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Kudu - Fast Analytics on Fast Data

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If you're building relational, time-series, IOT, or real-time architectures using Hadoop, you will find Apache Kudu an attractive choice. With Kudu, you'll be able to build your applications more simply and with fewer moving parts.

Hadoop has become faster and more capable, and has continued to narrow the gap compared to traditional database technologies. However, for developers looking for up-to-the-second analytics on fast-moving data, some important gaps remain that prevent many applications from transitioning to Hadoop-based architectures. Users are often caught between a rock and a hard place: columnar formats such as Apache Parquet offer extremely fast scan rates for analytics, but little to no ability for real-time modification or row-by-row indexed access. Online systems such as HBase offer very fast random access, but scan rates that are too slow for large scale data warehousing and analytical workloads.

This talk will describe Kudu, the new addition to the open source Hadoop ecosystem with out-of-the-box integration with Apache Spark and Apache Impala. Kudu fills the gap described above to provide a new option to achieve fast scans and fast random access from a single API.

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Kudu - Fast Analytics on Fast Data

  1. 1. Fast Analytics with Apache Kudu (incubating) Ryan Bosshart//Systems Engineer bosshart@cloudera.com
  2. 2. 2 Business Give me realtime!!! Hadoop Architect
  3. 3. 3 How would we build an IOT Analytics System Today? Click to enter confidentiality information Kafka / Pub-sub HDFS Analyst App Servers Sensor Sensor Sensor Spark Streaming
  4. 4. 4 What Makes This Hard? Click to enter confidentiality information Analyst Duplicate Events Late-Arriving Data Data Center Replication Partitioning Random-reads Compactions Updates Small Files Sensor Sensor Sensor Kafka / Pub-sub HDFS App Servers Spark Streaming
  5. 5. 5 Real-Time Analy1cs in Hadoop Today Real1me Analy1cs in the Real World = Storage Complexity Considera*ons: ●  How do I handle failure during this process? ●  How oEen do I reorganize data streaming in into a format appropriate for repor1ng? ●  When repor1ng, how do I see data that has not yet been reorganized? ●  How do I ensure that important jobs aren’t interrupted by maintenance? New Par11on Most Recent Par11on Historic Data HBase Parquet File Have we accumulated enough data? Reorganize HBase file into Parquet •  Wait for running opera1ons to complete •  Define new Impala par11on referencing the newly wriRen Parquet file Incoming Data (Messaging System) Repor1ng Request Impala on HDFS
  6. 6. 6 Previous storage landscape of the Hadoop ecosystem HDFS (GFS) excels at: •  Batch ingest only (eg hourly) •  Efficiently scanning large amounts of data (analytics) HBase (BigTable) excels at: •  Efficiently finding and writing individual rows •  Making data mutable Gaps exist when these properties are needed simultaneously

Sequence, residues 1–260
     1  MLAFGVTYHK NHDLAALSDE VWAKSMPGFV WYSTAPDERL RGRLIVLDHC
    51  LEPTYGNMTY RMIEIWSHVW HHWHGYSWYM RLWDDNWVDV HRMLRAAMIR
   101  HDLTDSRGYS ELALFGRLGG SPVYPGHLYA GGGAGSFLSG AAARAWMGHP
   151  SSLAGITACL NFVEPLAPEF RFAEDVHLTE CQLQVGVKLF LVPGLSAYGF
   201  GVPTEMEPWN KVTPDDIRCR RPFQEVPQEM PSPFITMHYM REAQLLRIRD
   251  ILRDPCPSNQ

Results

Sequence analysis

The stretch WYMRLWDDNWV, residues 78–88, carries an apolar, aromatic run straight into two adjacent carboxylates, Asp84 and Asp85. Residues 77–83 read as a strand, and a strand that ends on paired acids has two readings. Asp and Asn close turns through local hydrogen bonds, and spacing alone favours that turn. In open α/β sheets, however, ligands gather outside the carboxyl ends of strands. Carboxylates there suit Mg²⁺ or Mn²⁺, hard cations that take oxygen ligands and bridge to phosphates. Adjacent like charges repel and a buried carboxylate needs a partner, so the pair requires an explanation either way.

7. 7. 7 •  High throughput for big scans Goal: Within 2x of Parquet •  Low-latency for short accesses Goal: 1ms read/write on SSD •  Database-like semantics (initially single-row ACID) •  Relational data model –  SQL queries are easy –  “NoSQL” style scan/insert/update (Java/C++ client) Kudu design goals
  8. 8. 8 Kudu for Fast Analytics Why Now
  9. 9. 9 Major Changes in Storage Landscape All spinning disks Limited RAM SSD/NAND cost effec1ve RAM much cheaper Intel 3Dxpoint 256GB, 512GB RAM common . The next boRleneck is CPU [2007ish] [2013ish] [2017+] 50 50000 10000000 1 1000 1000000 3D Xpoint SSD Spinning Disk Seek Time (in nanoseconds) 3D Xpoint SSD Spinning Disk
  10. 10. 10 IOT, Real-time, and Reporting Use-Cases There are more use cases requiring a simultaneous combination of sequential and random reads and writes •  Machine data analytics –  Example: IOT, Connected Cars, Network threat detection –  Workload: Inserts, scans, lookups •  Time series –  Examples: Streaming market data, fraud detection / prevention, risk monitoring –  Workload: Insert, updates, scans, lookups •  Online reporting –  Example: Operational data store (ODS) –  Workload: Inserts, updates, scans, lookups
  11. 11. 11 IOT Use-Cases •  Analytical –  R&D wants to know part performance over time. –  Train predictive models on machine or part failure. •  Real-time –  Machine Service – e.g. grab an up-to-date “diagnosis bundle” before or during service. –  Rolled out a software update – need to find out performance ASAP!
  12. 12. 12 IOT Use-Cases •  Analytical –  R&D wants to know optimal part performance over time. –  Train predictive models on machine or part failure. •  Real-time –  Machine Service – e.g. grab an up-to-date “diagnosis bundle” before or during service. –  Rolled out a software update – need to find out performance ASAP! fast, efficient scans = HDFS fast inserts/lookups = HBase
  13. 13. 13 Hybrid big data analy1cs pipeline Before Kudu Connected Cars Kafka / Pub-sub Events HBase Operational Consumer HDFS (Storage) Random Reads Analyst Analy1cs Snapshot & Convert to Parquet Compact late arriving data
  14. 14. 14 Kudu-Based Analy1cs Pipeline Robots Kafka / Pub-sub Events Kudu ConsumerRandom Reads Analyst Analy1cs Kudu supports simultaneous combination of sequential and random reads and writes
  15. 15. 15 How it worksReplication and fault tolerance
  16. 16. 16 Kudu Basic Design •  Basic Construct: Tables –  Tables broken down into Tablets (roughly equivalent to regions or partitions) •  Typed storage •  Maintains consistency via: –  Multi-Version Concurrency Control (MVCC) –  Raft Consensus1 to replicate operations •  Architecture supports geographically disparate, active/active systems –  Not in the initial implementation 1http://thesecretlivesofdata.com/raft/
  17. 17. 17 Client Meta Cache
  18. 18. 18 Client Hey Master! Where is the row for ‘ryan@cloudera.com’ in table “T”?Meta Cache
  19. 19. 19 Client Hey Master! Where is the row for ‘todd@cloudera.com’ in table “T”? It’s part of tablet 2, which is on servers {Z,Y,X}. BTW, here’s info on other tablets you might care about: T1, T2, T3, … Meta Cache
  20. 20. 20 Client Hey Master! Where is the row for ‘todd@cloudera.com’ in table “T”? It’s part of tablet 2, which is on servers {Z,Y,X}. BTW, here’s info on other tablets you might care about: T1, T2, T3, … Meta Cache T1: … T2: … T3: …